I felt a little guilty when I realized I still had to get moving on consolidating my various 401K accounts into a rollover IRA. You see, I was once a former independent technical consultant (one of those “traveling” or “freelance” engineers during the dot com years who had jumped from one employer to another), who had chased numerous short term projects with the help of various headhunting agencies when the job market was hot. I had not only left a trail of legacy code in my wake, but also amassed a collection of minuscule 401K accounts tied to a variety of plans and invested in a variety of funds, discount brokers and institutions. Each account is far from significant, but taken together — well, they represent the bulk of my retirement funds!
I had been meaning to roll over these funds at some point (I’ve only been partially successful). But life has taken over, causing this task to slip in priority. Well I just caught this video which has now lit a fire under me: I’m going to have to get serious about this! Watch this and you’ll see what I mean:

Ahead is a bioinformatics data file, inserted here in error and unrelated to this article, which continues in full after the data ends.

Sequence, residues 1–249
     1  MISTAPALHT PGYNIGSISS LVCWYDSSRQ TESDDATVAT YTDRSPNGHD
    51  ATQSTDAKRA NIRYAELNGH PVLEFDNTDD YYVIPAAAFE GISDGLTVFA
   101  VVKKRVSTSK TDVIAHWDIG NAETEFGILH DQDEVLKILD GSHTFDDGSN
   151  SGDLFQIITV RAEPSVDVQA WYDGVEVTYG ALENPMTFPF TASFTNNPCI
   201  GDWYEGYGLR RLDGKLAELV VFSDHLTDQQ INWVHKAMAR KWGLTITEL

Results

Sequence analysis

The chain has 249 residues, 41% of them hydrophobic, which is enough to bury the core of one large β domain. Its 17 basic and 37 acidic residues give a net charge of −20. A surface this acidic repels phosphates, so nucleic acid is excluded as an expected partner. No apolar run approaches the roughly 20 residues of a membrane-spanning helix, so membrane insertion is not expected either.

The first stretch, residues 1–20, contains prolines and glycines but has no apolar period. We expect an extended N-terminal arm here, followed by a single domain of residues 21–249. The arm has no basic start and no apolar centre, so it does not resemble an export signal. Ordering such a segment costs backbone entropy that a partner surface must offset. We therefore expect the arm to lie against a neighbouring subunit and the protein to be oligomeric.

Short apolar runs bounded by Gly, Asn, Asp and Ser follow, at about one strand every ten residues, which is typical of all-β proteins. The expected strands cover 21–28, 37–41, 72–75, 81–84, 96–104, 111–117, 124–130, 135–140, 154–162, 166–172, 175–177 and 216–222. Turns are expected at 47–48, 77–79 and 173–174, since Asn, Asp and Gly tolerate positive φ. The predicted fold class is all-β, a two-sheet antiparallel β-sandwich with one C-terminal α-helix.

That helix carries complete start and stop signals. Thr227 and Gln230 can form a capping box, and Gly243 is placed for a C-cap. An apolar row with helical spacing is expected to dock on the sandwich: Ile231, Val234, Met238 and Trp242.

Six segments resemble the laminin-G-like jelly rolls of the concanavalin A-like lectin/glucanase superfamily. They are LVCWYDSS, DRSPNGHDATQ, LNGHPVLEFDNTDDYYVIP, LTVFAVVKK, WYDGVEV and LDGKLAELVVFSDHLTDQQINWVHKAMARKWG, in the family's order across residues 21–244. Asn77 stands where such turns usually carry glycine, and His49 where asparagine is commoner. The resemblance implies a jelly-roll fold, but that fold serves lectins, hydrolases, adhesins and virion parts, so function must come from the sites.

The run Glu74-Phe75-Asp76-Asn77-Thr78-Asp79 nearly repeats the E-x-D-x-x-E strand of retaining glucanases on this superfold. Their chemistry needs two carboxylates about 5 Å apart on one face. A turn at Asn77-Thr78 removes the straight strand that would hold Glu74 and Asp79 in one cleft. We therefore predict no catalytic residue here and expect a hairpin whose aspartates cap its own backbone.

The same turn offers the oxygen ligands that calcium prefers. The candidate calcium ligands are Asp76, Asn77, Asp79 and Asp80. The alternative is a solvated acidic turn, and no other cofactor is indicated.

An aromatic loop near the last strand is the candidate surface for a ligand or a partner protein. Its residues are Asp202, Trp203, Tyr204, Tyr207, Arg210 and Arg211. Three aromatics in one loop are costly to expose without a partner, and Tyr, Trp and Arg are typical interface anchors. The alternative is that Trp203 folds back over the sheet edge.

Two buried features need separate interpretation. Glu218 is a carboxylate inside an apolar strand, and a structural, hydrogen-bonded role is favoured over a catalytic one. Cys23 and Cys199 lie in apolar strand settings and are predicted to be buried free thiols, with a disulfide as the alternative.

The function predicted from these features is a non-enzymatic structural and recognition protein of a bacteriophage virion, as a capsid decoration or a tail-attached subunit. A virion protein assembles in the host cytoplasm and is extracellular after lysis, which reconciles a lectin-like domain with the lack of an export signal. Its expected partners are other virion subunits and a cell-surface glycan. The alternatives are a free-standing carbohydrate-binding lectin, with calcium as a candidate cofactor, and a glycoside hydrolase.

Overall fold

Click this link or the image below to watch the video.
The expert here echoes what I’ve already known for a while but have not really taken as seriously as I should: that once you’ve left an employer, it’s never a good idea to keep your money in their 401K plan. Once you leave a company, you are faced with several options on how to deal with the money you’re keeping in your employer-sponsored retirement plan:
- Keep your money where it is (this is what happens by default).
- Move it to your new employer’s retirement plan.
- Roll it over to an IRA.
Of course, you can simply take the money out to do what you want with it but this is obviously a very bad idea.
The best move you can make? I agree with the advisers here who say that you should move your money into a rollover IRA as soon as you can. This way, you will have full control and access to your money without issues. It’s a hassle to do the paperwork perhaps, but it’s much more convenient when you’ve got full freedom to deal with your retirement money however you’d like. I’d like this post to be a reminder for all of us with stray 401Ks to do that rollover asap. Now all I have to do is practice what I preach.
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